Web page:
If George Steinbrenner were still alive, I can picture him swooping in, signing prized free-agent outfielder Yoenis Cespedes to a mega-bucks contract and landing his Yankees on the coveted back pages of the New York tabloids. Take that, Mets!
Of course, the Boss, with all his bluster and big spending, is no longer with us. His much more conservative son, Hal, runs the Yankees these days.
So it's unlikely the Yankees will open their checkbooks and give the multitalented Cespedes, who propelled the Mets to the World Series, the deal he wants. The Yankees have yet to sign a big-name free agent this offseason.
But it was Hal Steinbrenner who tickled the imagination of Yankees fans during the Owners' Meetings in Coral Gables, Fla., on Wednesday.
"We're always looking to improve the club. You never know with us," he told reporters, including MLB.com's Paul Hagen. "We've surprised people in the past."
Swinging a deal like that this offseason is unlikely. Yet Hal wouldn't rule out the franchise making eye-catching free-agent acquisitions, once a Yankees hallmark, in the future.
"I've always said when we have a significant amount of money coming off the payroll in any given year, I'm going to put as much of that as I can back into the team," Steinbrenner said. "We had no money come off this year. The money that came off went right back into arbitration."
Meanwhile, the 30-year-old Cespedes is now the premier free agent remaining on the market after Jason Heyward (Cubs, $184 million for eight years), Justin Upton (Tigers, $132.75 million for six years) and Chris Davis (Orioles, $161 million for seven years) signed.
No one doubts Cespedes' talent or potential, but he's been unable to obtain the six-year contract for about $20 million a year he's reportedly seeking.
Although Cespedes has received offers and remains in demand, at this point, no team seems willing to give him the multiyear deal comparable to what some of the other big bats have received. And for him, this could be as much about ego as dollars.
The Nationals, after 2015's disappointing season, have been making bold moves in an attempt to return to the postseason under new manager Dusty Baker. They signed free-agent second baseman Daniel Murphy, the Mets' National League Championship Series hero, and center fielder Ben Revere, who helped Toronto reach the playoffs for the first time since 1993.
And don't forget: The Nats shocked the market last year when they signed right-hander Max Scherzer to a seven-year, $210 million contact.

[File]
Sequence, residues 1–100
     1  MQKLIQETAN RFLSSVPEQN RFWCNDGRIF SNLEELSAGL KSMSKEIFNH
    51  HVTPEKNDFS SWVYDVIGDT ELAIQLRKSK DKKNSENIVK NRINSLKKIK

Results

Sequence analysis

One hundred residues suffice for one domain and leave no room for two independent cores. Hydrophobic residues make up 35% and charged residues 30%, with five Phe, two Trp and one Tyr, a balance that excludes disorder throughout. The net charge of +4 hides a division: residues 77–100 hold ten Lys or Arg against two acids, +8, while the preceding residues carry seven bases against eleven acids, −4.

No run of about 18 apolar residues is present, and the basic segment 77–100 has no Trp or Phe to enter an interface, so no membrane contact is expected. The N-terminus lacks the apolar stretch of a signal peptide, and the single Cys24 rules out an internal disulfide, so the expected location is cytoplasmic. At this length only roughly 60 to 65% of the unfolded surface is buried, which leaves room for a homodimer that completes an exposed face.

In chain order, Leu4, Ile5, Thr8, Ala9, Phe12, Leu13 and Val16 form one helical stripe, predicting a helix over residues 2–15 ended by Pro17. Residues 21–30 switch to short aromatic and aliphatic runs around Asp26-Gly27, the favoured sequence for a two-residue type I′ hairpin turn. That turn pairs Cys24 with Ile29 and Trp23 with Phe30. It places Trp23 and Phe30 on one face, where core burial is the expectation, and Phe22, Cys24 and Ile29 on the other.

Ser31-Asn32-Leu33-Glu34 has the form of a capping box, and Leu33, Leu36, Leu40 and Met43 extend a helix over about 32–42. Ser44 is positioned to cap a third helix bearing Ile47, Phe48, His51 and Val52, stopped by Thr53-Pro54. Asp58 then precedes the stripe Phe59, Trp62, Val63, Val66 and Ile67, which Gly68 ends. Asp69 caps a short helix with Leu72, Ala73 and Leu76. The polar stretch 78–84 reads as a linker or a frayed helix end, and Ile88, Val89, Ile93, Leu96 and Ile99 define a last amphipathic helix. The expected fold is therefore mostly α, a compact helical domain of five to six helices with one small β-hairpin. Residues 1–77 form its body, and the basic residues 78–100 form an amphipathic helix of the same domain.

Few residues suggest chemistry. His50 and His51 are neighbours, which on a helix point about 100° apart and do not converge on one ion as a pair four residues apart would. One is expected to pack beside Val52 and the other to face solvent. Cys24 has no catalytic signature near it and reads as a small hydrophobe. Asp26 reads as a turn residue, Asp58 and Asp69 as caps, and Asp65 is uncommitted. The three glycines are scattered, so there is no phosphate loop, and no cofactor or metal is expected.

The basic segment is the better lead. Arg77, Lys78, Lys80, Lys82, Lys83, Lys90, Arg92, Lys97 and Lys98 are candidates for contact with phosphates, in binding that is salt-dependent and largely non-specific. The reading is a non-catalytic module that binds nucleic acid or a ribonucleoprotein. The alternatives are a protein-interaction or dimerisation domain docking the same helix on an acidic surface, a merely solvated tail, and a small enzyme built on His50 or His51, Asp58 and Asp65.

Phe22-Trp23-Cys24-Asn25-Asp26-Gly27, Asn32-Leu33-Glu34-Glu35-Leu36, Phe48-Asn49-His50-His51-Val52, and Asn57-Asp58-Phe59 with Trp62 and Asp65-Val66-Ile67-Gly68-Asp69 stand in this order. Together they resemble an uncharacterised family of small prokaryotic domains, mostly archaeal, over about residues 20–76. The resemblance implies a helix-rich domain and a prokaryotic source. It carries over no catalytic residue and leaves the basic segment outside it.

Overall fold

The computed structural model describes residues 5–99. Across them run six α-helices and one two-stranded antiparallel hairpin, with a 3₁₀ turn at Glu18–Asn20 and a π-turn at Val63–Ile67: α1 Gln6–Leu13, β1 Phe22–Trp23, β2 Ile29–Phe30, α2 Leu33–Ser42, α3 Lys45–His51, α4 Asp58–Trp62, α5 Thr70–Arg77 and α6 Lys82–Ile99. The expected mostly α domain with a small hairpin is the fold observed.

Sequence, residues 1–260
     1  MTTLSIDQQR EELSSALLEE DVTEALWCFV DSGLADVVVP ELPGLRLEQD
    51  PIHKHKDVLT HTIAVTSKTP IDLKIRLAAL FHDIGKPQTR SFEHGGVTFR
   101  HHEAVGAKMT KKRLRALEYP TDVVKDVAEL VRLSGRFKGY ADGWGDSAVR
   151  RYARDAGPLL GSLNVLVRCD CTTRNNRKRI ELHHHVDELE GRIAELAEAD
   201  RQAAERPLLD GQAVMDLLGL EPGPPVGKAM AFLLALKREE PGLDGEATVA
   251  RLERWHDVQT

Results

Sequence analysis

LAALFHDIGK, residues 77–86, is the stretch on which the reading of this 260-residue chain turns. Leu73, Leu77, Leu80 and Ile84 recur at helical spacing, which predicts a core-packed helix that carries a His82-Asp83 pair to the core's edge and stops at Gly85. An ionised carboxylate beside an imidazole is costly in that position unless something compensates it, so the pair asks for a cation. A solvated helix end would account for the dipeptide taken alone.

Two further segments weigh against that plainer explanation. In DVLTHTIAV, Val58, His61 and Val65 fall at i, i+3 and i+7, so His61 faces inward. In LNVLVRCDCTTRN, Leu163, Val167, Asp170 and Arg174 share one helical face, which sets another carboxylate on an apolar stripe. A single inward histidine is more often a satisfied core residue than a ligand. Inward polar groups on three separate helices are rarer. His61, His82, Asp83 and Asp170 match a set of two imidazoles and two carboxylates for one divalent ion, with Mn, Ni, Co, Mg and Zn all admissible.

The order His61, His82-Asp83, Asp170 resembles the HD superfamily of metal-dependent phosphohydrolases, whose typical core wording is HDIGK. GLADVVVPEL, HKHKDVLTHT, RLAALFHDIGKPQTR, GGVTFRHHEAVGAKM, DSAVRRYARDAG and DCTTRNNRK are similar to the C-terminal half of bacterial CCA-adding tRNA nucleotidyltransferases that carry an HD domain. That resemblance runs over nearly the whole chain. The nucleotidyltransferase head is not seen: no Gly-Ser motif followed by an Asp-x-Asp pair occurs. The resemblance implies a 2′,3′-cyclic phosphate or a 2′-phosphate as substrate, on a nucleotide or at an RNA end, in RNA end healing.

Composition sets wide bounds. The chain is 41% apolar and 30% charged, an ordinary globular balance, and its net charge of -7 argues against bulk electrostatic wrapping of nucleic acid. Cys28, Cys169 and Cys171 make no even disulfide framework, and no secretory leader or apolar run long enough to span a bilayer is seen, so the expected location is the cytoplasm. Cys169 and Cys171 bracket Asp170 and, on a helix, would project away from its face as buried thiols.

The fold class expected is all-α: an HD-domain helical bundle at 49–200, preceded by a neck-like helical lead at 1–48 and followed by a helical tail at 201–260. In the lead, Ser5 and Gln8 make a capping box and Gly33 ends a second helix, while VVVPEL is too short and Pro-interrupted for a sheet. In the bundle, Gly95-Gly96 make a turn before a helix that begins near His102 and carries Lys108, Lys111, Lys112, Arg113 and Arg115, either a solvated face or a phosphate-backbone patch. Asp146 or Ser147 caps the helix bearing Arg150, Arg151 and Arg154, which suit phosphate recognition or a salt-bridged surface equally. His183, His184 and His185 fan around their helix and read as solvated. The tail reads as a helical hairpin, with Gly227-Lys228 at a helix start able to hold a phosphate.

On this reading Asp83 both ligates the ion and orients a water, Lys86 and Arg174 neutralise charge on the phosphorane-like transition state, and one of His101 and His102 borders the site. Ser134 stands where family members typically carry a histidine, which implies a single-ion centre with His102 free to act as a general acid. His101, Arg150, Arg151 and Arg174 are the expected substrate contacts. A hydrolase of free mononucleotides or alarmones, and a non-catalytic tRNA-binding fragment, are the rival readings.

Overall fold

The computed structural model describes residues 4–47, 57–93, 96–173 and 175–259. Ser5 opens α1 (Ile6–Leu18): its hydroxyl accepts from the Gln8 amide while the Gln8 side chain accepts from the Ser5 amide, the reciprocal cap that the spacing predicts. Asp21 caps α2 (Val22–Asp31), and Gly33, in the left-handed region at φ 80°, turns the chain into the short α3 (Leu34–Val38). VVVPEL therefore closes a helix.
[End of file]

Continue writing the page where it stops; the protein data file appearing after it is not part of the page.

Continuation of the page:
Cespedes, a right-handed slugger, would be an important addition to the batting order that revolves around NL MVP Award winner Bryce Harper.
But the Nationals' outfield is already set with Jayson Werth in left, Revere in center and Harper in right. The addition of Cespedes would probably send Werth to the bench.
That said, I don't think you can count the Nats out, because they made a serious attempt to sign Heyward and have some extra cash after Jordan Zimmermann signed with Detroit and shortstop Ian Desmond declined their qualifying offer.
Of all the suitors, I believe the Mets need Cespedes most. After they obtained him from the Tigers at the July 31 non-waiver Trade Deadline, he batted .287, with 17 homers and 44 RBIs in 57 games.
Cespedes had two homers and drove in four runs in the NL Division Series, but he cooled in the next two rounds. He batted just .150 in the World Series vs. Kansas City, with no homers and just one RBI. Overall, in five postseason series, Cespedes has a .277 average, with three homers and 14 RBIs.
The Angels, White Sox, Cardinals and Padres have also made offers.
Mets owner Fred Wilpon told reporters at the Owners' Meetings his team is still in talks with Cespedes, and the New York Post reported a three-year, $60 million offer has been made.
That's unlikely to bring back Cespedes, who's been with four teams since he broke in with Oakland in 2012.
As we get closer to Spring Training, offers to Cespedes will probably increase. Of course, he could end up signing for one year with hopes an outstanding season would propel him to the dollars he's seeking.
Bottom line: The Mets need Cespedes as much as he needs them.
Hal Bodley, dean of American baseball writers, is the senior correspondent for MLB.com. Follow him @halbodley on Twitter. This story was not subject to the approval of Major League Baseball or its clubs.